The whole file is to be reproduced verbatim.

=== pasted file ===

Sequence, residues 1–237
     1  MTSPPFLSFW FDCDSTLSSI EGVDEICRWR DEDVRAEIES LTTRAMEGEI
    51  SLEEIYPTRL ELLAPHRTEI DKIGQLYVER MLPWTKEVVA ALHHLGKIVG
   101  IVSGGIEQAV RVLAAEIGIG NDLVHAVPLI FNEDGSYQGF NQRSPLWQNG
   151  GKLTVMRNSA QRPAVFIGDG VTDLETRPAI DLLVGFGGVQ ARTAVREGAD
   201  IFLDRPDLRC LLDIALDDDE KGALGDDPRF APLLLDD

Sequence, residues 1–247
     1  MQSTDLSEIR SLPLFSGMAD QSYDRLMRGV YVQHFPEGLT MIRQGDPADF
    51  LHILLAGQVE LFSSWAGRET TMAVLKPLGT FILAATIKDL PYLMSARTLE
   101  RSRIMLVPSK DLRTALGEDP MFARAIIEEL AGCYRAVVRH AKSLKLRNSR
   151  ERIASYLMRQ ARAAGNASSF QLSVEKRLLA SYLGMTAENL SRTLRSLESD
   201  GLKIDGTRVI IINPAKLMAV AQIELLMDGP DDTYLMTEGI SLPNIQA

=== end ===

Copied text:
Sequence, residues 1–237
     1  MTSPPFLSFW FDCDSTLSSI EGVDEICRWR DEDVRAEIES LTTRAMEGEI
    51  SLEEIYPTRL ELLAPHRTEI DKIGQLYVER MLPWTKEVVA ALHHLGKIVG
   101  IVSGGIEQAV RVLAAEIGIG NDLVHAVPLI FNEDGSYQGF NQRSPLWQNG
   151  GKLTVMRNSA QRPAVFIGDG VTDLETRPAI DLLVGFGGVQ ARTAVREGAD
   201  IFLDRPDLRC LLDIALDDDE KGALGDDPRF APLLLDD

Sequence, residues 1–247
     1  MQSTDLSEIR SLPLFSGMAD QSYDRLMRGV YVQHFPEGLT MIRQGDPADF
    51  LHILLAGQVE LFSSWAGRET TMAVLKPLGT FILAATIKDL PYLMSARTLE
   101  RSRIMLVPSK DLRTALGEDP MFARAIIEEL AGCYRAVVRH AKSLKLRNSR
   151  ERIASYLMRQ ARAAGNASSF QLSVEKRLLA SYLGMTAENL SRTLRSLESD
   201  GLKIDGTRVI IINPAKLMAV AQIELLMDGP DDTYLMTEGI SLPNIQA